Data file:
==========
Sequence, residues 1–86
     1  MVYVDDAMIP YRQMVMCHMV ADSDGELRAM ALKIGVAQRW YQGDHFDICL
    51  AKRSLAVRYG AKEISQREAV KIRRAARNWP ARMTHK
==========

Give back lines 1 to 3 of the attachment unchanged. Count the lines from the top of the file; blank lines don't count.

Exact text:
Sequence, residues 1–86
     1  MVYVDDAMIP YRQMVMCHMV ADSDGELRAM ALKIGVAQRW YQGDHFDICL
    51  AKRSLAVRYG AKEISQREAV KIRRAARNWP ARMTHK